Frost, J.,
1893, “A History and Topography of the County of Clare”. Dublin
(Refer to index).
Liddy, D.,
(Editor) 1978, “A History of Cratloe Parish”, Limerick. pages 10 – 14 inclusive.
O’Donovan and Curry
1839, “O.S. Letters”, Volume 1 & 2, Dublin. (Refer to index).
Todd, J.H.,
1867, “Cogadh Gaedhel re Gallaibh”, London. (Translation and notes. See index).
(Abbreviation, N.M.A.J. = North Munster Antiquarian Journal).
Hunt, J.,
1959, “Bunratty Mound”, N.M.A.J., Volume 8, Number 2, pages 88 & 89.
Hunt, J.,
1960, “Bunratty Castle”, N.M.A.J., Volume 8, Number 3, pages 103 & 108.
Lynch, C.,
1977, “Bunratty Castle”, The Other Clare, Volume 1, pages 17 & 18.
Mac Namara, G.,
1913 – 1915, “Bunratty Castles”, N.M.A.J., Volume 3, Section 4 220 - 327 (this article includes a study of the fourth Castle of Bunratty by T.J. Westropp).
Moloney, Rev. M.,
1960, “Bunratty”, N.M.A.J., Volume 8, Number 3, pages 109 & 110.
O’Brien, J., 1978, “Siege of Bunratty, 1646”, The Other Clare, Volume 2, pages 15 to 18.
Ryan, G.,
1977, “Normans in Thomond”, The Other Clare, Volume 1, pages 10 & 11.
Westropp, T.J.
1902 – 1904, “Comment on the Wars of Turlough”. Transactions of the Royal Irish Academy, Volume 32, Section C, pages 133 – 198.

The Photographic Section, National Parks and Monuments Branch, Office of Public Works, have a very extensive collection of black and white photographs relating to this site. Many of these show the site before and during the restoration of the late 1950’s I have included one of these photographs already, in the introduction to the fourth castle at Bunratty.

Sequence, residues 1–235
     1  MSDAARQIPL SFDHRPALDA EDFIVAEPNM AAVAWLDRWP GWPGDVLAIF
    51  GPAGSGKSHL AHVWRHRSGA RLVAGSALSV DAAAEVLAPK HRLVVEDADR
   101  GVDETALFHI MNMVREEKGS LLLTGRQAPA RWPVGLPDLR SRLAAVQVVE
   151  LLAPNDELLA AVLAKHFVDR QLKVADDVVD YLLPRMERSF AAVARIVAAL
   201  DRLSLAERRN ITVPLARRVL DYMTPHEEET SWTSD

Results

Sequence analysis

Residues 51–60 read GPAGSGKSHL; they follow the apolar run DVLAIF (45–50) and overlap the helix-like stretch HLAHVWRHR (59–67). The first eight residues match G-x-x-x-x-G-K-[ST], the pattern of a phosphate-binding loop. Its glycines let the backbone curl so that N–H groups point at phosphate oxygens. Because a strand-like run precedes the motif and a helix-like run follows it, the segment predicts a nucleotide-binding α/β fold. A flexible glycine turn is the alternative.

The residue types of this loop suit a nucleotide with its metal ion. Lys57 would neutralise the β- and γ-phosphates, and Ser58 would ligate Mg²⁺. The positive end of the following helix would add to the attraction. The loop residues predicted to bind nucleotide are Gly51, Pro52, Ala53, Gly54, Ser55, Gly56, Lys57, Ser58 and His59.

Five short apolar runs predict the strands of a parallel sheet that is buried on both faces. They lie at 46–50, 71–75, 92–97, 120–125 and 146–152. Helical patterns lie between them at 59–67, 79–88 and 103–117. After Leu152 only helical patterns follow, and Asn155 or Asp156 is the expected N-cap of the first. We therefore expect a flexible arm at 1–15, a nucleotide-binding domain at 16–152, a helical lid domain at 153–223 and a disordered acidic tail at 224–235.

Such photographs are filed in Section 478 of the Photographic Department Records. Many of these are now available for inspection of the manager’s office, Bunratty Castle. The photographic section of Shannon Free Airport Development Company S.F.A.D.Co.
also have photos on file relating to this site. Their office is in Shannon Town Centre.

John Hinde Ltd have coloured postcards relation to this castle. One of these may be on the introductory page to the study of Bunratty Castles. Other postcards are to be found in Section 5, “Later Historical sites of Interest”, under Bunratty Bridge.

Site Plans:
As stated previously Westropp, in his 1915 article, has some site plans of this site. However much more detailed plans, of each floor are available at the Manager’s Office,
Bunratty Castle. Such plans may also be inspected at the Architect’s Office, S.F.A.D. Co., Shannon Town Centre.

Such site plans are to a large scale and not suitable for general copying.